- January 11, 2013
- Posted by: Mark Drakeford AM
- Category: Uncategorized
Below is the text of my response to the Welsh Government consultation on the proposed Youth Justice Green Paper, from 9th December 2012.
The consultation documents can be found here.
My starting point is to commend the work done by successive Welsh Ministers in this field since devolution. Now is the time, I believe, for a restatement and reaffirmation of the principle which has previously been articulated by Welsh Ministers, that young people caught up in the youth justice system should be treated as children first and offenders second, in a manner underpinned by the United Nations Convention on the Rights of the Child.
I believe that the Welsh Government should focus its efforts now on ensuring that all young people are able to access their entitlements in the context of normalised services, that is, interventions that are core elements of the services provided by education, youth services, health and others. Where youth justice services are concerned I believe this should operate on the basis of minimum intervention and maximum diversion. The focus in this respect should therefore be to change and improve the system itself to provide for better outcomes for young people, rather than to look to change the young people themselves. For too many young people, once they become involved with youth offending services their involvement escalates rather than declines. It is critical that diversionary pressure away from the youth justice system, and where appropriate towards other services, continues to increase. I would like to put forward several specific suggestions in this respect.
Accommodation and substance misuse services
Improved social rights for young people in the youth justice system must be delivered through further action particularly to promote consistency of access to accommodation and substance misuse services. A small proportion of young people who are in contact with the youth justice system are homeless and many more are in unsuitable accommodation, including young people who are placed for extended periods of time in emergency or temporary accommodation. An even larger proportion of young people face severe difficulties in securing and maintaining tenancies, as part of a family or as individuals. Similarly, a small proportion of young people in the youth justice have an identified acute substance misuse need that requires timely access to specialist assessment and treatment, and many more young people are engaged in lower-level substance misuse that contributes to prolonged and problematic engagement with the youth justice system. In both of the above examples, there is need for Welsh Government to build upon work already carried out in this area to promote more consistent and more effective provision of services across Wales, where the results achieved in the most effective areas are emulated elsewhere. To be effective and equitable, this provision should be in the context of normalised services for all young people.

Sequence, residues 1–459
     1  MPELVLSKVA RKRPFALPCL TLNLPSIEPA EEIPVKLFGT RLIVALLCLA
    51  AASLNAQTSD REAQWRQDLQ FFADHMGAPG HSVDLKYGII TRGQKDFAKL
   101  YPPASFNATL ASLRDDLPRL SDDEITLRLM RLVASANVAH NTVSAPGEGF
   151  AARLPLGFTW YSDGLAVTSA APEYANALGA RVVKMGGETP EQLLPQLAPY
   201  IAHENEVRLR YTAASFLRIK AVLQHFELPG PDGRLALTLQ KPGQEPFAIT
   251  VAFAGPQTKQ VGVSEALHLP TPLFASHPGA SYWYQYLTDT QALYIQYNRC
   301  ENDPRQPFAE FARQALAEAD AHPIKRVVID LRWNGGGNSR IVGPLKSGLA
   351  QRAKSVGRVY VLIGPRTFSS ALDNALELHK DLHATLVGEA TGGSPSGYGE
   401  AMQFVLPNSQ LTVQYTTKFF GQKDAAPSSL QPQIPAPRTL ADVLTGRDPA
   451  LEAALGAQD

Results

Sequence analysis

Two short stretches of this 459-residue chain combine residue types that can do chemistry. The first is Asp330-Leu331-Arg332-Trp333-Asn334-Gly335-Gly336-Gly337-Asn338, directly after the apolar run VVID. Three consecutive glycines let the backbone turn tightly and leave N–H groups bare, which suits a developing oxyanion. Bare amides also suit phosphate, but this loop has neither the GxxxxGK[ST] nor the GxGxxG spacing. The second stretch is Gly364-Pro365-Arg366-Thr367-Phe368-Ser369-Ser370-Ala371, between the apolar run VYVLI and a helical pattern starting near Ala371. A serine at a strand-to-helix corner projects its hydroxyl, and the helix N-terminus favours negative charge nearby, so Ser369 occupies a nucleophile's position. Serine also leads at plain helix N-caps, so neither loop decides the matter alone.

Use of custody
I would particularly endorse the achievements already delivered in this area, and the significant reductions in the use of custody in Wales. It is essential that the momentum of these reductions are sustained, and that Welsh Government works towards the explicit aim of bringing the use of custody to an irreducible minimum. No civilized society should regard the locking up of children and young people as anything but a matter for real regret. In this context, I would like to highlight the urgency with which Welsh Government must deploy information gained through the independent comparative study of high and low custody areas in Wales to ‘challenge and support areas with consistently high proportions of young people being sentenced to custody,’ as contained in the All Wales Youth Offending Strategy Delivery Plan 2009-2011. ‘Justice-by-geography’ has long been a problem for youth justice in Wales, with some young people going to custody for offences in one area which would not have resulted in such an outcome in another. If sentencing in every part of Wales could be brought in line with sentencing in the best, then by itself that would make a significant contribution to achievement of key outcomes outlined above. Building on this work can ensure that youth offending services in Wales move towards a situation wherein custody is seen as a fundamental failure of the duty to safeguard children and young people from harm and to which there is a preferred solution in almost every case.